Those rising profits helped CTG, which had no analyst coverage in early 1996, continue to catch the eye of analysts. Evern Securities began following the stock in November and put an "outperform" rating on the stock, while UBS Securities added coverage in July with a "buy" rating.

In addition, CTG continues to be dogged by speculation that it is a takeover target. Sam Albert, a Scarsdale, N.Y., management consultant, listed CTG as a potential takeover target for International Business Machines Corp., one of CTG's biggest customers, in an interview with Bloomberg News in late August.

Graham Corp., buoyed by nine straight quarters of higher profits, finished in the No. 4 spot, even though the Batavia heat transfer and vacuum equipment maker's stock tumbled 22 percent in the fourth quarter after it said it would only break even during the quarter that ended Wednesday.

Graham said the weakness, which also is expected to keep its profits for the entire fiscal year below the $3.1 million the company earned a year ago, was due to the economic turmoil rattling some of its key Asian markets.

While Graham executives still expect the Far East to be a source of new orders, they think those markets will become more competitive as the declines in local currencies compared with the dollar make U.S. exports more expensive.

The No. 5 spot fell to First Empire State Corp. The ever-rising prices that investors are willing to pay for stocks in the rapidly consolidating banking industry, coupled with a 17 percent rise in profits through the first three quarters, helped push First Empire shares up by 61.5 percent last year.

Of course, First Empire has, thus far, been the one doing the taking over, including its $872 million deal last October to buy Onbancorp Inc. While the takeover is expected to trim First Empire's earnings this year by 4 percent, cost savings and revenue expansion from the deal should boost the banking company's profits over the long run, bank officials have said.

Integrated Waste leads losers

Among the losers, no company had it worse last year than Integrated Waste Services Inc., the Buffalo-based firm that sold off and closed its demolition and industrial cleaning businesses.

The company's great hope for salvation -- opening a new landfill in Farmersville -- grew ever more distant as the firm's staggering financial problems meant it needed to come up with new sources of money to complete the process for obtaining a permit to open and run the dump.

As a result, Integrated Waste's shares turned into a penny stock in the truest sense of the word, finishing the year down 93 percent with each share worth a mere 1 cent.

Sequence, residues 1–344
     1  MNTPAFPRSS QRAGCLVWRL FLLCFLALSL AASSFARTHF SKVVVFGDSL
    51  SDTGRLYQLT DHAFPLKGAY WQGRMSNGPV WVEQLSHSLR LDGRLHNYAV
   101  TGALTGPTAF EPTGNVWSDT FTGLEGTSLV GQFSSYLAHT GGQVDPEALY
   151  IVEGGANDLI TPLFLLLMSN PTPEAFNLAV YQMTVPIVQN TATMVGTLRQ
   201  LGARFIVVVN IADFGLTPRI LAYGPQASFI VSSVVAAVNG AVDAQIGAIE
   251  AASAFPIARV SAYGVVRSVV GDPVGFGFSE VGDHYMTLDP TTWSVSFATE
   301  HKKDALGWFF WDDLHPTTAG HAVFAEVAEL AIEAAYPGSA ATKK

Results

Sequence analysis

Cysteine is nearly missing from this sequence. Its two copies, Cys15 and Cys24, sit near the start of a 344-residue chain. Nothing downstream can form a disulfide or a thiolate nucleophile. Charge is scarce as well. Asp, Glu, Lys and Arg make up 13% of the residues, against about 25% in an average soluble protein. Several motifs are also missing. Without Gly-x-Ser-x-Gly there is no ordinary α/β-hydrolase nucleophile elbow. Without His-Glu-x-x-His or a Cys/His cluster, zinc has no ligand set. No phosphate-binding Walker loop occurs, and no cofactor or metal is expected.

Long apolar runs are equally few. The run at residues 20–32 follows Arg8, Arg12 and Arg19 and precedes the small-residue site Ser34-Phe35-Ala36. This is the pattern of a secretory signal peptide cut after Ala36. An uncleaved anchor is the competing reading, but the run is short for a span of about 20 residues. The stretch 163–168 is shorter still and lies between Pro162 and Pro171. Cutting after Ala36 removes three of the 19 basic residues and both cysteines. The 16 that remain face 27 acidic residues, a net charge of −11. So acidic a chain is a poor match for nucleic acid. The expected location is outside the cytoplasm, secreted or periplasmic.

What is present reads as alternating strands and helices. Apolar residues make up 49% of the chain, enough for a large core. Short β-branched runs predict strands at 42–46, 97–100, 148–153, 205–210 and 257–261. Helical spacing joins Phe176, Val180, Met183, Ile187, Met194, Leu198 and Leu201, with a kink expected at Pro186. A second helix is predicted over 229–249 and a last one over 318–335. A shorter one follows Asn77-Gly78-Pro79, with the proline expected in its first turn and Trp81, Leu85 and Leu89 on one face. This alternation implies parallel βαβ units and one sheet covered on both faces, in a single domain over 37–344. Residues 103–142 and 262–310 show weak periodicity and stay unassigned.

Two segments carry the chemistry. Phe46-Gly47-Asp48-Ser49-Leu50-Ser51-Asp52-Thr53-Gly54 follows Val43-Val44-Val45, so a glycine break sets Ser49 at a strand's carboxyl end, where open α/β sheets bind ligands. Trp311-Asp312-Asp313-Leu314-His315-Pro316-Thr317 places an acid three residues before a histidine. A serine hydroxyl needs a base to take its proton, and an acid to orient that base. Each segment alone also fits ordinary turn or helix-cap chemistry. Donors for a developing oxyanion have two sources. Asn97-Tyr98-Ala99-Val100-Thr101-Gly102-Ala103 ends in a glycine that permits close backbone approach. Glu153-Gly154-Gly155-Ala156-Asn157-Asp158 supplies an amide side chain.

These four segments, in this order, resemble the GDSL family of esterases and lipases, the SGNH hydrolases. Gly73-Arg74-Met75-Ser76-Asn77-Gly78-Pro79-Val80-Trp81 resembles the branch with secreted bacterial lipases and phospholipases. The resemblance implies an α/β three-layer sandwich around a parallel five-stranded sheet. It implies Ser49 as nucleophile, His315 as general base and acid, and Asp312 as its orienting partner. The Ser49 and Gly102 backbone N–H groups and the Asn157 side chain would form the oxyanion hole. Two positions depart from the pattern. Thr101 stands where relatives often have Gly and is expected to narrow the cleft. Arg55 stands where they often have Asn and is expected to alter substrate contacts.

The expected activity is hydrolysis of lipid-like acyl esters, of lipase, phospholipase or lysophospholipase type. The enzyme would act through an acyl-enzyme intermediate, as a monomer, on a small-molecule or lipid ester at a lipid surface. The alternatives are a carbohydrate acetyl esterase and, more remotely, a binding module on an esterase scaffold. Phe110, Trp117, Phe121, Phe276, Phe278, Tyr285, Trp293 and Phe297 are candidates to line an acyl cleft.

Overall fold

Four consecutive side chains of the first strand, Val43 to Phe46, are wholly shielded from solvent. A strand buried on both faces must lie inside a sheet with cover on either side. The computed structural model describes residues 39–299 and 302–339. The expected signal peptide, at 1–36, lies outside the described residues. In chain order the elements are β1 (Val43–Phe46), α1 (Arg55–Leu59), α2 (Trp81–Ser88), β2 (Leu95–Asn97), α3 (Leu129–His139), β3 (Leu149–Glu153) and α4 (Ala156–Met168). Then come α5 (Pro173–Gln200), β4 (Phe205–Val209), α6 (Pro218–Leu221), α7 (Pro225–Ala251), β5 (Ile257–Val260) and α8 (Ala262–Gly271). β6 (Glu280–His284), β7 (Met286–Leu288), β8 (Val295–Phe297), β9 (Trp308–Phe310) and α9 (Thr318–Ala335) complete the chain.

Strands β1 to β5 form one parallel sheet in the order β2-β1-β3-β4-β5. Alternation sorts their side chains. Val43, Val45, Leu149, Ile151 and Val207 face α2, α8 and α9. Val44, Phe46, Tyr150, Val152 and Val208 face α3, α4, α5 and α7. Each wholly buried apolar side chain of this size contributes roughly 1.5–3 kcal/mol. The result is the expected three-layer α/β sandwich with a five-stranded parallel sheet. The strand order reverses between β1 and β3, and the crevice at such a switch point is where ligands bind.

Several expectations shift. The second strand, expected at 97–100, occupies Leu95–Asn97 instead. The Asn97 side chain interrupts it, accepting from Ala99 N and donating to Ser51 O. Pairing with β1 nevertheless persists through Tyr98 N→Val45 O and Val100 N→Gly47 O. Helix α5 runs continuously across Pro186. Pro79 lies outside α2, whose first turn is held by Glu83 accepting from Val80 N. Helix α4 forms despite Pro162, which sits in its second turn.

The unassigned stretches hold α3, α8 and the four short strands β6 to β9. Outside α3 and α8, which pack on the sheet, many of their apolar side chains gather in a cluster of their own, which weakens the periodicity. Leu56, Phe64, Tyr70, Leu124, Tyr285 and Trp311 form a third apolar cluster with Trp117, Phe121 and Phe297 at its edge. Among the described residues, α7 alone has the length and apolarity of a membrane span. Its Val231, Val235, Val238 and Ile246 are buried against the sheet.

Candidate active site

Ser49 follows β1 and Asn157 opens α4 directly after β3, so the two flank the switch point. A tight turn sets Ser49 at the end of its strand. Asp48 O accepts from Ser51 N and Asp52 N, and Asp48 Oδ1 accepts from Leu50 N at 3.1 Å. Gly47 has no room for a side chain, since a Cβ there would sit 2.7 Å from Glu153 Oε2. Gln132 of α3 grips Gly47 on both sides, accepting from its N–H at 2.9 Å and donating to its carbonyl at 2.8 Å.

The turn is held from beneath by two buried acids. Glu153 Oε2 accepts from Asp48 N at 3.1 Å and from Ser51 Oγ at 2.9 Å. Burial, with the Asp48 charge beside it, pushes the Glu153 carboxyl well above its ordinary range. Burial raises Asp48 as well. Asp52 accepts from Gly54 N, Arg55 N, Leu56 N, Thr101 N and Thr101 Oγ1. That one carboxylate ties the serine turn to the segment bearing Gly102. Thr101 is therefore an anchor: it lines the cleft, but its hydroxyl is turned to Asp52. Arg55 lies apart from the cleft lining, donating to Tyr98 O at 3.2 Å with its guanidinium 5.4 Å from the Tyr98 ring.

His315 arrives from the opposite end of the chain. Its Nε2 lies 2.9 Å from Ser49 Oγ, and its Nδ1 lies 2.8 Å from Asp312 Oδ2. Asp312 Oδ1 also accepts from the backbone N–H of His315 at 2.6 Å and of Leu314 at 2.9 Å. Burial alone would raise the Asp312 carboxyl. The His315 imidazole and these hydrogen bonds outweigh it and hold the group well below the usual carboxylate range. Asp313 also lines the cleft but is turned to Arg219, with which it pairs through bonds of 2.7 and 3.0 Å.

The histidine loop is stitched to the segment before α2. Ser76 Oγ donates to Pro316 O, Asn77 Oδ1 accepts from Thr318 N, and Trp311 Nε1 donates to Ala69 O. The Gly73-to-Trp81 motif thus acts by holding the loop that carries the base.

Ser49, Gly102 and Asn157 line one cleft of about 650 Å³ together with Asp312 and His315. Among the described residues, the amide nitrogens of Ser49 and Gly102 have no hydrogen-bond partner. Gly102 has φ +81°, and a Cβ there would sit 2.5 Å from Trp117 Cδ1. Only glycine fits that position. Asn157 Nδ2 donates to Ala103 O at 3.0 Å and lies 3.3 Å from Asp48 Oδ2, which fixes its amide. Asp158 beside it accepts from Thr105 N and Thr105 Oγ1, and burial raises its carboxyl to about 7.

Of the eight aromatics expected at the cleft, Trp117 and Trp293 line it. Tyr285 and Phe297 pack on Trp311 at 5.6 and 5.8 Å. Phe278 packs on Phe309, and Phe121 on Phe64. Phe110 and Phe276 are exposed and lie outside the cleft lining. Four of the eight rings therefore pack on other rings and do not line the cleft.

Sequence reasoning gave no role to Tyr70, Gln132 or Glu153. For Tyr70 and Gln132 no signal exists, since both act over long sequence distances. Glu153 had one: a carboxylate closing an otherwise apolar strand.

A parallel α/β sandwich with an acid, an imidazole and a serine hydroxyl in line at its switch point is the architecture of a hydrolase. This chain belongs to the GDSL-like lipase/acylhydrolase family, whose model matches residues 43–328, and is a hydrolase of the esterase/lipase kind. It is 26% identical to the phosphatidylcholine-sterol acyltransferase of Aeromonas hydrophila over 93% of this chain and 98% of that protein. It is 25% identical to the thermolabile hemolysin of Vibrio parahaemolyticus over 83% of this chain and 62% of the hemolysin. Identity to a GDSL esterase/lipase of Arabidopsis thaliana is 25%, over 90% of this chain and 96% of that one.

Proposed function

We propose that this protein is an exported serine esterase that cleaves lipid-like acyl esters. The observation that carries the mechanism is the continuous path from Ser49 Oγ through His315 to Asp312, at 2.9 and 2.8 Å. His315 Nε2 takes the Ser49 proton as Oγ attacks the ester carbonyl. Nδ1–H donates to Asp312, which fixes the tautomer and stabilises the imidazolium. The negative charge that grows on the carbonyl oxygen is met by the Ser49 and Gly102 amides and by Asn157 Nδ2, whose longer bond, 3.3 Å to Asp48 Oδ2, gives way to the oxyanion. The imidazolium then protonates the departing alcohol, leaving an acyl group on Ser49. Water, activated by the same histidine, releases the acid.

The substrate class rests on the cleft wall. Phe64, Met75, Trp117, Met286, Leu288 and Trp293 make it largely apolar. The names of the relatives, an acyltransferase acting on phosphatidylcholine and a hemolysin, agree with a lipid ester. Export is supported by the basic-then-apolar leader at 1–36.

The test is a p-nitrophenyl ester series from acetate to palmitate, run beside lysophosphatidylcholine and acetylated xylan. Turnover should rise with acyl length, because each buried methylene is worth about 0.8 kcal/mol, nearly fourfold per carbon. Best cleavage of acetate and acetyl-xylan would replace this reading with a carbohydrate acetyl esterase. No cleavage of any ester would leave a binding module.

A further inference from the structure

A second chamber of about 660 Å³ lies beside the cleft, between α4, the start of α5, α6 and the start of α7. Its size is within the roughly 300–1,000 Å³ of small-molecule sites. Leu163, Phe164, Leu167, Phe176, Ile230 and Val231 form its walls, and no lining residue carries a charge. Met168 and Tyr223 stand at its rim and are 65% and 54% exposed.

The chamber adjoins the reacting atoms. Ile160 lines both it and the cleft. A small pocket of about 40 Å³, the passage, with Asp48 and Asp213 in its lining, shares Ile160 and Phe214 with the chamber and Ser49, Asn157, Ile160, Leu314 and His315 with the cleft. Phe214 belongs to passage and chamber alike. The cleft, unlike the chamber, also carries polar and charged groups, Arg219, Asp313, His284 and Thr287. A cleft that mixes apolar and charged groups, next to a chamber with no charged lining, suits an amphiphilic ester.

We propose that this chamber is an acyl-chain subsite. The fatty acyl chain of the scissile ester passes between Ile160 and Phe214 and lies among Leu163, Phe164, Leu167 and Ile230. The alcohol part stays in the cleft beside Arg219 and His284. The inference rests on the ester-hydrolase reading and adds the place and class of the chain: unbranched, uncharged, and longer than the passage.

Rand Capital Corp. had the dubious distinction of having the second-worst year among the local stocks, with the Buffalo venture capital firm's shares falling by 34.8 percent. Although the company's new management team is confident that its new investment strategy and cost-cutting efforts will lead to solid gains, that improvement has yet to materialize, including a 6 percent drop in Rand's net asset value during the third quarter.

It was the fourth straight rough year for Rand stock, which lost 58.9 percent of its value in 1996.

Acme Electric Corp., which has lost money in three of the last five fiscal years and made only small profits in the other two, found it tough sledding last year in a stock market that is obsessed with earnings growth. The East Aurora-based electronics manufacturer's stock fell by 27.8 percent after losing 26 percent in 1995.

It was feast or famine for Gibraltar Steel Corp., which was the second-best local stock in 1996, only to fall to the fourth-worst last year after the Hamburg-based steel processors' earnings fell well short of analyst expectations. As a result, Gibraltar's stock fell 24.8 percent last year.

"We see Gibraltar Steel as a well run, but fully valued processor," said Kenneth W.P. Hoffman, a Prudential Securities Inc. analyst. "While we believe Gibraltar has accomplished a lot since going public, we believe that its high relative debt level, combined with its high relative valuation, makes this stock a true hold-rated company."

Elusive profits also plagued Barrister Information Systems Corp., whose stock lost 22.2 percent as the Buffalo software and computer services firm was stung by problems at its service business, which was battered by the loss of some major subcontracts from IBM.